In this picture, telemetry travels to the corporate network via the red line. Internet traffic, which is the blue line, travels to the internet. If your employer manages the browser on the computer they provided or has other software that captures internet usage when not on VPN, then they can see your internet history.
Using Your Computer
If you’re using your own computer your employer cannot see your internet history, even when you use the corporate VPN, unless you installed Mobile Device Management (MDM) software and your employer tracks internet usage history through that.
Some employers require the use of MDM like Airwatch and Intune because it helps secure your computer and apply corporate management policies. Companies can also use that same MDM software to collect telemetry, like internet usage. They can do that even without a VPN connection being in place.
The abstracted data flow looks the same as using your employer’s computer.
If you don’t have MDM installed and your employer isn’t managing settings on your home computer, then the connection without VPN looks like this:
You’ll see that your computer connects to the internet, but there’s no data transmission to the corporate network. Whatever happens in this state is not captured or monitored by your employer.
Let’s take a look at some common questions about this issue and I’ll provide some brief answers.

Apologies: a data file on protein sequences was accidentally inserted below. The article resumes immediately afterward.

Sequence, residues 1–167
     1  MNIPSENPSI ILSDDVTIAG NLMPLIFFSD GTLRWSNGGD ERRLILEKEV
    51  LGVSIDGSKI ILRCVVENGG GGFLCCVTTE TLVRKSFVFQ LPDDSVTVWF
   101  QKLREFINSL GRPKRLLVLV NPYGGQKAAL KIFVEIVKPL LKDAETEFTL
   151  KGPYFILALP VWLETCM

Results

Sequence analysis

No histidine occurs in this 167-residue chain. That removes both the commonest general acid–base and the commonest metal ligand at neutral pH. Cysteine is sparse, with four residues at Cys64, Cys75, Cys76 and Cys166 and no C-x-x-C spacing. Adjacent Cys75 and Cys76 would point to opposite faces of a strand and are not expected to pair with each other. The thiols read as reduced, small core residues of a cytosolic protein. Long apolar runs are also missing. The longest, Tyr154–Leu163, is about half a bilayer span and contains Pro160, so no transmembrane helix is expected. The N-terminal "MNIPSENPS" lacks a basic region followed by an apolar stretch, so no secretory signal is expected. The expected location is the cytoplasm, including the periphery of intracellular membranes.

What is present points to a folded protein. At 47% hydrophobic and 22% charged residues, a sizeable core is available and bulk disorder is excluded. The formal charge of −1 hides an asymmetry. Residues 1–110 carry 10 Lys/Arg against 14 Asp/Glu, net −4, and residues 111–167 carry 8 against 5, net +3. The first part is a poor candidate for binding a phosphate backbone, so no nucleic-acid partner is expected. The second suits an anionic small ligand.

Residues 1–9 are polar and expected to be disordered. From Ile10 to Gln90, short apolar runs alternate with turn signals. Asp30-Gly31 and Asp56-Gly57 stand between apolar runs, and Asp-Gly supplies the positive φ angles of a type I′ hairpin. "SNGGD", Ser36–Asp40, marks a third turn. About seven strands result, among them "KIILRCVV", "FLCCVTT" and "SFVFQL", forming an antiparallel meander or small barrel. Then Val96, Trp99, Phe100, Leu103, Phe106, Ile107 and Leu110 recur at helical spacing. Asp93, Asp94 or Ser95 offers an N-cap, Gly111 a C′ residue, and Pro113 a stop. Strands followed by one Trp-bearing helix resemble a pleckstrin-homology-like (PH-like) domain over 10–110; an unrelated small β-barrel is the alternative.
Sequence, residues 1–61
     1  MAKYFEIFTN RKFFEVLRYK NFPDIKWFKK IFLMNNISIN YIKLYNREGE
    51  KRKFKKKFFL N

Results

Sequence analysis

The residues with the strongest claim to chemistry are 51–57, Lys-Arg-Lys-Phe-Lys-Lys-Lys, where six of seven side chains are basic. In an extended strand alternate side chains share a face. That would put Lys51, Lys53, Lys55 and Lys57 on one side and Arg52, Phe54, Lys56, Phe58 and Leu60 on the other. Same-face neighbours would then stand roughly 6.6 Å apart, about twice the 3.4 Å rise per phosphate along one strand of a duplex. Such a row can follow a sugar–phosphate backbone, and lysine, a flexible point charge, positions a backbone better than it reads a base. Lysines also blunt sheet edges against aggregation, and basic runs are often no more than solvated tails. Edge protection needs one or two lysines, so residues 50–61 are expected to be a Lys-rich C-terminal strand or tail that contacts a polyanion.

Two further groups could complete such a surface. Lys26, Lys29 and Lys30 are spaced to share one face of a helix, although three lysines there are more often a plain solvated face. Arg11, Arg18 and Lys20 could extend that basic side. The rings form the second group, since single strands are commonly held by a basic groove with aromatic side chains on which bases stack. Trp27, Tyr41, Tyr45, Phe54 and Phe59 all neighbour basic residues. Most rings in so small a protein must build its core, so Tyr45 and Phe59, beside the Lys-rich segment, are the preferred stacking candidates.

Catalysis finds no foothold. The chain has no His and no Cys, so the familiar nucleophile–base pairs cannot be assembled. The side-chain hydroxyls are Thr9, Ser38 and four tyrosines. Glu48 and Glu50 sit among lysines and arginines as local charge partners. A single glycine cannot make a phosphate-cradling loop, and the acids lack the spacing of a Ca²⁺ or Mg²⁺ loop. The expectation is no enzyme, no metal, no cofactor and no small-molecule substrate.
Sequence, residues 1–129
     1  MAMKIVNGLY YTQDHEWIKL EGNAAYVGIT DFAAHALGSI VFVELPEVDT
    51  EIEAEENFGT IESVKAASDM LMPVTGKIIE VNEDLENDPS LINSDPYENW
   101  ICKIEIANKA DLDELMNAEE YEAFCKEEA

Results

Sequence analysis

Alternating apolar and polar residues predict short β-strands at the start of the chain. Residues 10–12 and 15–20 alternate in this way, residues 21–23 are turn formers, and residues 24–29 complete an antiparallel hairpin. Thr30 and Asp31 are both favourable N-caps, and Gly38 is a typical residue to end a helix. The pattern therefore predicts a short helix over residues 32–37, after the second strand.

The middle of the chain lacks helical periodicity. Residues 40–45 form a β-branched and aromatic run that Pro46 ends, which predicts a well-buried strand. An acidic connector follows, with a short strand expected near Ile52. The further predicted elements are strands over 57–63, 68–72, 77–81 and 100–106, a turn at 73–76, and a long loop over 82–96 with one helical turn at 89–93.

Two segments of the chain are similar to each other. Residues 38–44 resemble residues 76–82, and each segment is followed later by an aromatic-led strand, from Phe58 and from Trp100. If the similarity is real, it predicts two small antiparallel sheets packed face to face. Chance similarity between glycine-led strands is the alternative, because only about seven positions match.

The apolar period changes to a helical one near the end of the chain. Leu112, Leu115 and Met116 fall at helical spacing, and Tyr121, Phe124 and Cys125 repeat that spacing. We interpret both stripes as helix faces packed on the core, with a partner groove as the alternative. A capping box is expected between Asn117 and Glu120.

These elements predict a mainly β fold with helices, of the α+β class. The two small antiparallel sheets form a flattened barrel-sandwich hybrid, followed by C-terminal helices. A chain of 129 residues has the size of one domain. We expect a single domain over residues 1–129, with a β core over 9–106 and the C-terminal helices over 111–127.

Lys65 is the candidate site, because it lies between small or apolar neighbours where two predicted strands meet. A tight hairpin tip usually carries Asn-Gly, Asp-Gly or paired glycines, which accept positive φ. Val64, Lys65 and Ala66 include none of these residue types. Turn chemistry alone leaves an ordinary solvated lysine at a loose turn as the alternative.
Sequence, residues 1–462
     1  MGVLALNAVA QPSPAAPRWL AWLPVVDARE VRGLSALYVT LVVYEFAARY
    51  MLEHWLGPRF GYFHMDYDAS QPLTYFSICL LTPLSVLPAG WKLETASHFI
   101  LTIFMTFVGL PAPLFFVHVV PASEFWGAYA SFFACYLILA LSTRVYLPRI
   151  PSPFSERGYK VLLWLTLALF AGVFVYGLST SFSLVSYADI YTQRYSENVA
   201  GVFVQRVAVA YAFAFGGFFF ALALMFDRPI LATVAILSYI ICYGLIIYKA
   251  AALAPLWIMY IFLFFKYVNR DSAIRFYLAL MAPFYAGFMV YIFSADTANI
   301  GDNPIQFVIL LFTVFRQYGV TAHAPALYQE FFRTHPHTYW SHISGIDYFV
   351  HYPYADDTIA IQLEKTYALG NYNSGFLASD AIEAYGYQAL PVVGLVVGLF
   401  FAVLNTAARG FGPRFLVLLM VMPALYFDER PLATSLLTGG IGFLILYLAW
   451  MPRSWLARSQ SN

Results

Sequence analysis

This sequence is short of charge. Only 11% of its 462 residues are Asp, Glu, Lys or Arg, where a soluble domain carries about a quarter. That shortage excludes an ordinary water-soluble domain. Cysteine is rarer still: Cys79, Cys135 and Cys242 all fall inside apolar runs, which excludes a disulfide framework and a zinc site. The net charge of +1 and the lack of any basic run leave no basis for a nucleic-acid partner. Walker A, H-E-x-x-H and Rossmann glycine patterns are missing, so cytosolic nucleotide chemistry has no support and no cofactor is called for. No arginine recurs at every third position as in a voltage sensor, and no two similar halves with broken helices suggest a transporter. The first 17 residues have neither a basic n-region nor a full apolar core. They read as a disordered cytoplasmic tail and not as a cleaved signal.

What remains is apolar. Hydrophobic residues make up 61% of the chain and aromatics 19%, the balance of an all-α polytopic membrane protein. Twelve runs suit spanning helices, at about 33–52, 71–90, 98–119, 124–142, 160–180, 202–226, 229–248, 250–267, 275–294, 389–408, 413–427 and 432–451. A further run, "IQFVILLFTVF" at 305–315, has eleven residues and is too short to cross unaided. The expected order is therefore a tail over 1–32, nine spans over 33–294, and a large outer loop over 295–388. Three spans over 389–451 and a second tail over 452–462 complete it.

Can My Employer See My Internet Activity on My Personal Phone?
No, not normally. Most of the time your employer can’t see your internet activity on your personal phone.
The exceptions to that are: 1) you have MDM installed on your phone and it reviews your internet activity, or 2) your phone is connected to the corporate internet and your employer monitors that internet usage.
In those cases, your employer is monitoring telemetry collected by software or their network equipment.
Can My Employer See My Browsing History in Incognito Mode?
Yes. Incognito mode just means your browser isn’t saving the history locally. If your employer collects browsing information from your computer or the corporate network then they can still see what you’re browsing.
Can My Employer Track My Activity if I’m Not Connected to Their VPN?
It depends. If your employer is collecting telemetry from your computer using software Agents or MDM, then yes. If they’re not, then no. How will you know? You might not be able to tell. If you’re using a personal device that doesn’t have MDM, then you can be sure that your employer is not tracking your activity.
Can My Company See My Remote Desktop?
Yes. I’m not going to go into how remote desktop solutions work here, but they’re effectively a computer that sits on the corporate network. So if your company is monitoring internet use, device telemetry, etc. then they can see what happens on that remote desktop.
Your company can see your internet usage live when you use a corporate VPN. In some cases, they can see your internet history from when you browse not on the corporate VPN.
If you’re concerned that your internet browsing may run afoul of corporate policy, then make sure you browse the internet in a way that doesn’t violate that policy.
What are some of your tips for improving your privacy when online? Leave a comment and let us know!